Left-populist presidential candidate Gregorio Santos Guerrero insists he will run in Peru's April election—despite remaining behind bars at Ancón I prison outside Lima. Santos, affectionately known as "Goyo," was already re-elected to the presidency of the northern region of Cajamarca from prison in 2014, and officially remains the region's executive. He says his "preventative detention" under pending corruption charges is political retaliation for his advocacy for the peasants and poor of Cajamarca—especially his support of the region's popular struggle against the US-backed Conga gold mine mega-project, now stalled due to widespread protests. In a statement this month, he said he would not be detained "if the law were applied equally," and scoffed at the notion that he was a flight risk while officially serving as a regional president. While Santos has been imprisoned, Cajamarca's acting executive has been his vice president, Porfirio Medina. (Peru.com, Feb. 12; Andina, Feb. 10; La Republica, Feb. 1)
Santos was officially named in December as the candidate of Direct Democracy, a coalition that brings together three leftist parties: the Popular Bloc, Unite for Another Democracy, and Santos' own Social Affirmation Movement (MAS). Cajamarca congressional member Jorge Rimarachín announced Santos' candidacy for the coalition, and said "he should be freed" to carry out his campaign. He added that "there does not exist a democratic system" in Peru. (Perú21, Dec. 20)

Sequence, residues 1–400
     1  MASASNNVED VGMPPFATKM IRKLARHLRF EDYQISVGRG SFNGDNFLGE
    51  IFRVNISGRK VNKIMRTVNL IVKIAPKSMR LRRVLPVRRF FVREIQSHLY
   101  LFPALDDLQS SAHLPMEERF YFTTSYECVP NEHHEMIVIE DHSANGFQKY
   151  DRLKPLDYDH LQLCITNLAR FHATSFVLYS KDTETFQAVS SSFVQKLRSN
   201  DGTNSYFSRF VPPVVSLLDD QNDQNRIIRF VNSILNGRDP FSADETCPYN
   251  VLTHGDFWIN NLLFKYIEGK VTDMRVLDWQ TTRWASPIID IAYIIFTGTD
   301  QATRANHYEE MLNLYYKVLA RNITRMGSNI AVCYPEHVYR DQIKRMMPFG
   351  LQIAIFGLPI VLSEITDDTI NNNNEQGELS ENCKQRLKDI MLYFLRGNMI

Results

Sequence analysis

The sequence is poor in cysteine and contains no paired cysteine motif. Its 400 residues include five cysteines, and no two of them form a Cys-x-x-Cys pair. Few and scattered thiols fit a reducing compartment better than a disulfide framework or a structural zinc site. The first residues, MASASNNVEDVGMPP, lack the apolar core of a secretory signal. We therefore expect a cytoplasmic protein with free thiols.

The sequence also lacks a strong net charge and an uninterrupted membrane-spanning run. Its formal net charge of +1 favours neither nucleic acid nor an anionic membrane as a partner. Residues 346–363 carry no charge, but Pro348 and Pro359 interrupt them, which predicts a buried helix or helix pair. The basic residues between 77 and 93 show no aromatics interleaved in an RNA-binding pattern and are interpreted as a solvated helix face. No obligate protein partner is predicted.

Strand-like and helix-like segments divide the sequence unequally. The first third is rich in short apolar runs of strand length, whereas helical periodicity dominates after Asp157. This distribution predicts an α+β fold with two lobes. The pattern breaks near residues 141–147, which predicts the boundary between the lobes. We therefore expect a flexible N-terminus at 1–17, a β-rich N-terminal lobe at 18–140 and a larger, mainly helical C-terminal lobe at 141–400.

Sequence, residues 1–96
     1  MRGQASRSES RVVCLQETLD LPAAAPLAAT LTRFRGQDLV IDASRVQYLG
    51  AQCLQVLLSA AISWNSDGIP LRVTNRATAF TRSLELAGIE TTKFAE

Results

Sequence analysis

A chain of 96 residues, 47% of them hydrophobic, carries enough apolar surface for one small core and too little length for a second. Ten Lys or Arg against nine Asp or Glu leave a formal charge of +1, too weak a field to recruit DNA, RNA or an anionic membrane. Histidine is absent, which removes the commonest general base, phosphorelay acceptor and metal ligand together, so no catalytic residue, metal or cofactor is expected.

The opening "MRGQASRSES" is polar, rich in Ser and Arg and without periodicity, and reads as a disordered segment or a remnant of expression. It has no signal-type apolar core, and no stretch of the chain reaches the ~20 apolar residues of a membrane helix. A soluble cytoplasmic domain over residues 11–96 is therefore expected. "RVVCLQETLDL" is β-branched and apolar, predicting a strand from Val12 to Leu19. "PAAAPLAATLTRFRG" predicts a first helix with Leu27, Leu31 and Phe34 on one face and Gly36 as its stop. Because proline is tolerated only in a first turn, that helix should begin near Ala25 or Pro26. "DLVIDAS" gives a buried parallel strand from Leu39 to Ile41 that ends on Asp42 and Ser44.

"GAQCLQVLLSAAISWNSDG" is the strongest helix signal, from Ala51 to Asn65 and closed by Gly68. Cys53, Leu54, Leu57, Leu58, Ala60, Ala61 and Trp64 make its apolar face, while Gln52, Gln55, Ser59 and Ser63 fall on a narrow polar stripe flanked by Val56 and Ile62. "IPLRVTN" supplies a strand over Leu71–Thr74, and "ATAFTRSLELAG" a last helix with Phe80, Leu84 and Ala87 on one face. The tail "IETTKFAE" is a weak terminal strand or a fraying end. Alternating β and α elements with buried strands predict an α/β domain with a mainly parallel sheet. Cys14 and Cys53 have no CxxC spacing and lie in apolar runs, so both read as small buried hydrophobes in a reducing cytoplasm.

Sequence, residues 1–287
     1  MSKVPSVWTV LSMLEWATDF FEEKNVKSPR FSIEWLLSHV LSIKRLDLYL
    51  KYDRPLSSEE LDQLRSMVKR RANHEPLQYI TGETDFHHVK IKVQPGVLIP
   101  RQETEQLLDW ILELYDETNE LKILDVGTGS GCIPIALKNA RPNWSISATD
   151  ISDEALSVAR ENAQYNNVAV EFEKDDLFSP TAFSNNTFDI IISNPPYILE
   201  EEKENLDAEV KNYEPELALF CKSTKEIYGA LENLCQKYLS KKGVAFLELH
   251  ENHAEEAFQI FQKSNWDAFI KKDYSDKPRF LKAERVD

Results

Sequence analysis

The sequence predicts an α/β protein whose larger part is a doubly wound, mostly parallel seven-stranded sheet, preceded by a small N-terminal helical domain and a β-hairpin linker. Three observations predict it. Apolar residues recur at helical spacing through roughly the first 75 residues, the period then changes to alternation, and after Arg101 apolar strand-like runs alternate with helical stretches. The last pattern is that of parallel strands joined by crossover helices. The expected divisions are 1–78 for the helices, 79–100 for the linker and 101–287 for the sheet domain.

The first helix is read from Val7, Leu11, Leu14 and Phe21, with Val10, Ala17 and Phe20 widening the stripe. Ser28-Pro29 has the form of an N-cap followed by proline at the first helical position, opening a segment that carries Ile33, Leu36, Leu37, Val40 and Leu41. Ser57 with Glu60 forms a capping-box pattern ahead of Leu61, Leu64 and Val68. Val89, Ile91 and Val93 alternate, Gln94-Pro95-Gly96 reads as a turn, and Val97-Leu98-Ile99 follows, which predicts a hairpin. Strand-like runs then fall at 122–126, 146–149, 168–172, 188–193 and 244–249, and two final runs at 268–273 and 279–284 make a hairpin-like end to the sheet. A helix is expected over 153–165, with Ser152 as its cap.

Santos' candidacy was confirmed in January by the Special Electoral Jury—a development met with dismay by Peru's political establishment. Other candidates confirmed in the decision are former two-time president Alan García of the Peruvian Aprista Party, Nano Guerra García of the National Solidarity Party, Alfredo Barnechea of Popular Action, and Daniel Urresti of the ruling Nationalist Party. (El Comercio, Jan. 20)
The "outsider" candidacy of Julio Guzmán may now be revoked following charges that he failed to fulfill a series of requirements when registering his party, All for Peru. Also thrown into question is the candidacy of Cesar Acuña, mayor of Trujillo, following accusations that his Alliance for Progress plagiarized large portions of its Plan of Government from a World Bank study.
But the front-runner remains Keiko Fujimori of the right-wing Popular Force. The daughter of ex-dictator Alberto Fujimori, she was narrowly defeated in the 2011 election. She remains an unapologetic supporter of her disgraced and imprisoned father, who has been convicted on multiple charges of corruption and human rights abses. (Reuters, Feb. 4; Peru21, Jan. 23)